July 2015 AAPP Monthly Chronology
Summary of the Current Situation
As of the end of July there are 120 political prisoners in Burma, with 448 activists awaiting trial.
MONTH IN REVIEW
This month, 16 people were arrested and charged, 15 were indicted, 21 were sentenced, and 17 were released. Five political prisoners are reported to be in bad health.
Among those reported to be in bad health are students detained in Tharyarwaddy Prison following the violent crackdown on the student protests against the National Education Law.
Fourteen of the students and their supporters were released on bail in July, however 63 remain in detention. On-going health concerns among the students that remain in detention have prompted their parents to submit a request to the court early this month demanding that an external doctor address the detainees’ health problems.
On July 27, the Myanmar National Human Rights Commission (MNHRC) met with a group of students who were present during the March 10 crackdown in Letpadan. The students had filed a case with the MNHRC providing testimony from victims of the crackdown and making a case that the authorities’ brutality was unlawful. The students also objected to the decision to charge the students under Burma’s Penal Code. According to the Democracy Education Initiative Committee, students from the committee plan to sue the authorities who
ordered the unnecessarily brutal March 10 crackdown on peaceful protesters.
This month also saw the announcement of Burma’s long-awaited general election date – on July 8, the Union Election Commission (UEC) announced the election is to be held on November 8, 2015. A total of 1,142 MP seats will be up for grabs. Three hundred and thirty constituencies were confirmed for the lower house, 168 for the upper house, and 644 for regional parliaments. A further 29 regional seats will be appointed to ethnic representatives.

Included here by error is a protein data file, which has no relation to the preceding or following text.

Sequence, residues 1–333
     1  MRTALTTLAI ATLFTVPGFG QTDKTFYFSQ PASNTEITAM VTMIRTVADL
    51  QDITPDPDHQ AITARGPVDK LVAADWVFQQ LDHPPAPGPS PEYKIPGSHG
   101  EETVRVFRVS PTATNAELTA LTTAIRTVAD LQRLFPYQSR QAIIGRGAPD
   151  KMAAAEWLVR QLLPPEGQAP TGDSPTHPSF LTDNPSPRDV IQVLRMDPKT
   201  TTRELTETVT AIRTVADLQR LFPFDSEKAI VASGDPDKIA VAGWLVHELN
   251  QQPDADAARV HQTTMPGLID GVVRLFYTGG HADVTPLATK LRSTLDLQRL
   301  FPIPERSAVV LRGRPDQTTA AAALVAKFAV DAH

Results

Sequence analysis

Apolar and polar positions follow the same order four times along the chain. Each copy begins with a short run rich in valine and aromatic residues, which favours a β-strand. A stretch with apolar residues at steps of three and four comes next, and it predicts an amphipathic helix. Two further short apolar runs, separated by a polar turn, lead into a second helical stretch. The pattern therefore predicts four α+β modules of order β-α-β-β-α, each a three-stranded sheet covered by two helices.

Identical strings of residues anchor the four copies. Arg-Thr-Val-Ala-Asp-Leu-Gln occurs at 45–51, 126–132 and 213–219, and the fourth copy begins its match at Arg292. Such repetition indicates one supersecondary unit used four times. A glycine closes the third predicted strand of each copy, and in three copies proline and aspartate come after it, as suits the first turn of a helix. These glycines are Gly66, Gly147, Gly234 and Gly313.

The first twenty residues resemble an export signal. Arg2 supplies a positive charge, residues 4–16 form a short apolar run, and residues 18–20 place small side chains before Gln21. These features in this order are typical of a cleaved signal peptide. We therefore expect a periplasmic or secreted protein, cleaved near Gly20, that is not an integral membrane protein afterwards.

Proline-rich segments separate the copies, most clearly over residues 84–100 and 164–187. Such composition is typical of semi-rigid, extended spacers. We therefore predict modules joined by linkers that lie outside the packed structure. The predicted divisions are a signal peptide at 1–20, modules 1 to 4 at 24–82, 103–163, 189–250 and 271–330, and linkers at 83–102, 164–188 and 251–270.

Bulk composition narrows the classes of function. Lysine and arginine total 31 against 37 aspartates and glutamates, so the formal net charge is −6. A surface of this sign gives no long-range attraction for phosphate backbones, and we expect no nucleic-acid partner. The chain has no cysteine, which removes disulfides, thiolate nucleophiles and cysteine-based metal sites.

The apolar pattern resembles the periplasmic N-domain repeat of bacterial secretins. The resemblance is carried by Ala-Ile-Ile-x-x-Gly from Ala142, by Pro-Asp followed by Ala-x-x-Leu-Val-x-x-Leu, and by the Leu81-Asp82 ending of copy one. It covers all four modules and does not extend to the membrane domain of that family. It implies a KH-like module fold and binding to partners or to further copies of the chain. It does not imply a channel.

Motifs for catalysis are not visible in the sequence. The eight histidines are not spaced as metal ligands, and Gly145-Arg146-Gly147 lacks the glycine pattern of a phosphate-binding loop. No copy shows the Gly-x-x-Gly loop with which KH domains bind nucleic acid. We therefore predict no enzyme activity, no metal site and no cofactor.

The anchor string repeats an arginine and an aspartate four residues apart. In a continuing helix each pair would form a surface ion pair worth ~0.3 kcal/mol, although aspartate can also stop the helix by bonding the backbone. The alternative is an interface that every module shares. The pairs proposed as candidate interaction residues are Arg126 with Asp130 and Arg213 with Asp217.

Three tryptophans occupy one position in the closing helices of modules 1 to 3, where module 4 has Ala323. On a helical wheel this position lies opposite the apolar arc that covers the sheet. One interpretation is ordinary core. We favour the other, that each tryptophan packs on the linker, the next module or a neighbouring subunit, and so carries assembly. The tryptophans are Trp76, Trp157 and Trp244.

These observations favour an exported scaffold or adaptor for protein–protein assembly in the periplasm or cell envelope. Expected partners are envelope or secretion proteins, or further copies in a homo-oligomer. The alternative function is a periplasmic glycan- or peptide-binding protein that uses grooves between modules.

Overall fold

In light of the election date announcement, the Former Political Prisoners Society (FPPS) sent a letter to lawmakers including the militarybacked Union Solidarity Development Party (USDP), urging them to call for the release of all political prisoners ahead of the election.
However, in yet another move to officially deny the existence of political prisoners in Burma, the Deputy Minister for Home Affairs this month told parliament that the term “political prisoners” is unconstitutional and violates the rights of prisoners to the same legal status.
Chairperson for the National League for Democracy (NLD), Aung San Suu Kyi, stated that the statement made by the minister was inconsistent with government policy: “The government itself formed a committee to oversee the release of political prisoners. Now the deputy Home Affairs minister is rejecting the term. I think this is inconsistent.”
At the end of the month, on July 30, the Ministry of Information announced the release of 6,966 prisoners, including 210 foreign detainees, in the first Presidential amnesty since October 2014. Only 13 political prisoners were included in the release.
(July 3, 2015 – DVB)
(July 8, 2015 – The Irrawaddy)
(July 8, 2015 – Myanmar Times)
(July 15, 2015 – RFA/Burmese)
(July 22, 2015 -DVB)
(July 27, 2015 – The Irrawaddy)
Tate Naing, Secretary +66 (0) 81-2878-751 (Thailand)
Bo Kyi, Joint Secretary +95 (0) 94-2530-8840 (Burma)
Download PDF file July 2015, Chronology (Bur)